Everything in me fights against wonder. And why wouldn’t it? Each day comes with some sort of tragic news. Evil has become the expectation, and I’ve seen too much of the ordinary.
My newborn daughter knows little besides wonder. Everything is new to her: the Texas sun’s heat on her skin, the orange and purple hues at sunset, the sound of rain, or the sight of green grass. She’s enamored by her hands and the rotating blades of ceiling fans. These things don’t impress me. I never think about my hands or ceiling fans. I just crave something new until it becomes familiar, and I grow tired of it again.
I find that lack of wonder growing the older I get. At some point it became hard to believe in wonderful things. I resonate with the sheriff from No Country for Old Men who feels the weight of evil’s prevalence despite his best efforts to fight against it with hope and goodness. It’s not a character I wish to identify with, but I do. And I don’t think I’m the only one.
Hopelessness haunts my friends and the students I teach. The ghost makes its way through my church’s pews and in every corner of the internet. It shows itself in sex scandals, rampant racism, mass shootings, global pandemics, miscarriages, stillbirths, broken families—the list goes on. Suffering seems ordinary. Transcendence feels childish.
But maybe children know something we don’t.
Poetry helps me see the world with childlike wonder. It reminds those willing to see that there’s something more than meets the eye, some subversive beauty or hidden hope beyond the things we call ordinary.
I need that reminder more often than I care to admit.
An Access Point to Transcendence
“Grown-up people are not strong enough to exult in monotony,” writes G.K. Chesterton, but God has an “eternal appetite of infancy.” He sees the world as my daughter does—with possibility, beauty, and wonder.
I wonder if this is what Christ meant when he spoke of childlike faith. Maybe it’s holding on to hope, choosing to see the light amidst total darkness, and believing that there is something more going on than what we immediately see. It feels childish, and maybe that’s the point. Transcendent things like hope and faith demand we put down the jaded cynicism that comes with age.
Poetry provides us a means to access that sense of transcendence again. Robert Hudson explains that good poets “create in us a desire, a yearning for the ineffable, a longing to experience the illumination we once felt when we were new in the world.” In other words, poetry can make us young.
A renewed youthfulness doesn’t come from poets rejecting bad feelings or refusing to recognize the darkness. They simply look a little deeper. They have retained the naïve belief that we can find meaning within the struggle.
Take for instance the poetry of Langston Hughes, who used his writing to empower Black Americans in the twentieth century. Poems like “I, too” provide a sense of hope for people of color. At the start of the poem, the “darker brother” narrator is forced into the kitchen to eat “when company comes,” but by the end, he reimagines his dining experience:
I’ll be at the table
When company comes.
Say to me,
‘Eat in the kitchen,’
They’ll see how beautiful I am
And be ashamed—”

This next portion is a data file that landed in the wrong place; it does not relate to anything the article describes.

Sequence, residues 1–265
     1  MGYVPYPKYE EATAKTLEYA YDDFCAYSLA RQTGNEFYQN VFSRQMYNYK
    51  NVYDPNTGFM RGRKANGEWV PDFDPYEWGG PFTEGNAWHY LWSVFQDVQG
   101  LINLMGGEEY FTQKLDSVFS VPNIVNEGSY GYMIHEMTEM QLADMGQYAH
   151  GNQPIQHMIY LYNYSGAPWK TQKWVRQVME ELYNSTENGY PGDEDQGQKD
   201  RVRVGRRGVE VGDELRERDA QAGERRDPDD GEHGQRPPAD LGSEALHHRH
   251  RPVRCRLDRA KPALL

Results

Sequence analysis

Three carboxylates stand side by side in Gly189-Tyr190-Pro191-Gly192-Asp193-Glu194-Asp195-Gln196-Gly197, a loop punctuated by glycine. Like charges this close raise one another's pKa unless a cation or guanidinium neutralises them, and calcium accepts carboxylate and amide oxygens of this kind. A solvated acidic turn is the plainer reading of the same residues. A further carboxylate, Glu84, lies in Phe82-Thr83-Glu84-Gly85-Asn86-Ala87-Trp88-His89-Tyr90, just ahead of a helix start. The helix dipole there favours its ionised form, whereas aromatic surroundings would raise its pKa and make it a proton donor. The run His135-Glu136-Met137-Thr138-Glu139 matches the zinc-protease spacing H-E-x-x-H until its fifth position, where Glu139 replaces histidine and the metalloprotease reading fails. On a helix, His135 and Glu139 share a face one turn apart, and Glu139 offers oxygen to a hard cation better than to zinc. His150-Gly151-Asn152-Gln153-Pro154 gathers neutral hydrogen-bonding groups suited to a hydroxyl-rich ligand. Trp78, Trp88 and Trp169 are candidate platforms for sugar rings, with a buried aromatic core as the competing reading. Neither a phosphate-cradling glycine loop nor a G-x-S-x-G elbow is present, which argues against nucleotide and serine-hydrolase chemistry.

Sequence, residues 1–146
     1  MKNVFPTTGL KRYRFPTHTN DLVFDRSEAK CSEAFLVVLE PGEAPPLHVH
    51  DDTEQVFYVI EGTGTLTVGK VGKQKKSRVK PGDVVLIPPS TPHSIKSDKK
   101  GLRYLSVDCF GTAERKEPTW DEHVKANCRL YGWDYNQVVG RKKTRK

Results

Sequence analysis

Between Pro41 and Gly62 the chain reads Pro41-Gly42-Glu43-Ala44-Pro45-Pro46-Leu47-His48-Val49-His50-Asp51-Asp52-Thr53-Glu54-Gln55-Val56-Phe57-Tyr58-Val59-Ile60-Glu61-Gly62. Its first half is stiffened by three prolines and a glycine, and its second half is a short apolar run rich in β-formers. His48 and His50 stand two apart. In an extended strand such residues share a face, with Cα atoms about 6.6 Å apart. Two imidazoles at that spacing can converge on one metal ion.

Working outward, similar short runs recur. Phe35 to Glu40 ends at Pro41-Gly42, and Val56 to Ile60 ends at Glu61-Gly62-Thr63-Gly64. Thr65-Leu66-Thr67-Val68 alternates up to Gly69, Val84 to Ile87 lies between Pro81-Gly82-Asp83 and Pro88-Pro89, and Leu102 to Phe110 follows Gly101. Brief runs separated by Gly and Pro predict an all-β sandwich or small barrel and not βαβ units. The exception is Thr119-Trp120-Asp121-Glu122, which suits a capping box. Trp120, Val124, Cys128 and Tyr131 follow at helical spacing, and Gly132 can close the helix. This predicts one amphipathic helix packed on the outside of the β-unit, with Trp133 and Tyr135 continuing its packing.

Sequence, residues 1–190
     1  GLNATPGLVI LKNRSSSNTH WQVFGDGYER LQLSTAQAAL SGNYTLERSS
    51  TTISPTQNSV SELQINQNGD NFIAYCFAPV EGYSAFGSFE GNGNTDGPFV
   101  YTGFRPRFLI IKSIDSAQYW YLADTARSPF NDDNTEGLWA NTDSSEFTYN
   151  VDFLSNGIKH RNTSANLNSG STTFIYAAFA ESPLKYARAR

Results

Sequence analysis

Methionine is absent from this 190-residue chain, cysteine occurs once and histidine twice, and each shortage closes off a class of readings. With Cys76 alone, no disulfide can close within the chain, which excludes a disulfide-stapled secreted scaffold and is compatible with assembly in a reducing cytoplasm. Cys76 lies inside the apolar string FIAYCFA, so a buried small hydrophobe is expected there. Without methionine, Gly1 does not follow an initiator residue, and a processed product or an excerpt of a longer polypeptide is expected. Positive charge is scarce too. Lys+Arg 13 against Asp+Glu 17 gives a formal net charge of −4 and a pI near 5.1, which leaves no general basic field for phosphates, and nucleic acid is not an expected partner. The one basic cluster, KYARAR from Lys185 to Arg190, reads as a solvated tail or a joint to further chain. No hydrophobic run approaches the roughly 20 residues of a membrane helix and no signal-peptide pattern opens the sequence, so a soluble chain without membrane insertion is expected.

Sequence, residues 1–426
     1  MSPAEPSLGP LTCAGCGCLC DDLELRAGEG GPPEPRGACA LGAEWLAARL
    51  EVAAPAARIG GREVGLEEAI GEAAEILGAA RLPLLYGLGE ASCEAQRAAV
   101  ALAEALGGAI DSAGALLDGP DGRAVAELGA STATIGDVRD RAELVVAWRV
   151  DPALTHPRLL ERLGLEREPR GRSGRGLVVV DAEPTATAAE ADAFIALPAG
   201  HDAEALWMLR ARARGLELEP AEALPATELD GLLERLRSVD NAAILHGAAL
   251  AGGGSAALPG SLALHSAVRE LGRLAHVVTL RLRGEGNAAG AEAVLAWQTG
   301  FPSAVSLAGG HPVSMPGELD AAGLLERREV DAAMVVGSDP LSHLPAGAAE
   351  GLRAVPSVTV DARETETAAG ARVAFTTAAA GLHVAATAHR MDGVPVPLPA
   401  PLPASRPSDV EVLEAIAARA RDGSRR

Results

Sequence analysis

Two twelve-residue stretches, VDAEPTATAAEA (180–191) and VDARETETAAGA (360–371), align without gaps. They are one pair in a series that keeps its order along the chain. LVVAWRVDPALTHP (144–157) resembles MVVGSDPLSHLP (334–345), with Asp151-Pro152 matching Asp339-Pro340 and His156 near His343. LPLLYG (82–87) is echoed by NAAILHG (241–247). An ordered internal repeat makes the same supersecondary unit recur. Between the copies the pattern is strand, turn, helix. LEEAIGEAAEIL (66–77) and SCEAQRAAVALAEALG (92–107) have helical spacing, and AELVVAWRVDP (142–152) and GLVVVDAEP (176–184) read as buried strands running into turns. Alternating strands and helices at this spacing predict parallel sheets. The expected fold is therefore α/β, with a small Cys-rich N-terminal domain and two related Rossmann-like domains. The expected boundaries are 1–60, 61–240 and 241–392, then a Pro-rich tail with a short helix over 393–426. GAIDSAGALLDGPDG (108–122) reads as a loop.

There’s a refusal in Hughes to simply accept the ordinary. He imagines a world where wonderful things can happen, where the darker brother can sit at the table. He believes in the hope of tomorrow despite the darkness of today.
That reimagination of suffering shows up in the words of contemporary American poet Christian Wiman, whose cancer diagnosis drove him back to faith in his late thirties: “The sense of mortality,” writes Wiman, “doesn’t only cast us backward. It also propels imagination forward. It makes us imagine heavens in which wounds are healed and losses restored.” Suffering is the catalyst for hope.
In another essay, Wiman considers the role of poetry in the book of Job. He was once reading a book that praised “Job as a work of profound theology adorned with poetry,” but for Wiman that was not enough. Poetry is not a nice addition to Job, “poetry is the point,” writes Wiman. “When Job needs to scream his being to God, it’s poetry he turns to. When God finally answers, his voice is verse so overwhelming that Job is said to ‘see’ it.”
For people like Hughes, Wiman, or Job, suffering became a part of their ordinary lives. Poetry doesn’t bring them out of that familiar suffering, but it does empower them to see their own with a dim halo of hope. The same renewed imagination allows poet Mary Oliver to write these lines about dying towards the later years of her life:
“maybe death isn’t darkness, after all,
but so much light wrapping itself around us—
as soft as feathers—”
Oliver doesn’t succumb to the normal understanding of death. Wiman doesn’t accept simple views of suffering. Hughes rejects the unjust status quo for his people. Poetry helps them look at these things with wonder as they believe, even just for a second, that light can be found in the darkness, that there is such a thing as hope.
Poetry pushes us past the temptation to recognize only the simplicity among the mundane. Poetry reminds its readers that ordinary things like ceiling fans, dining room tables, and suffering hold bits of holiness. It helps us see the world like my daughter and all children do: with the possibility for beauty and wonder. Does such an imagination feels childish in the face of all the evil we’ve come to know in our age? Yes, but that may be the point. Poetry makes us young again.
Cover image by Trust "Tru" Katsande.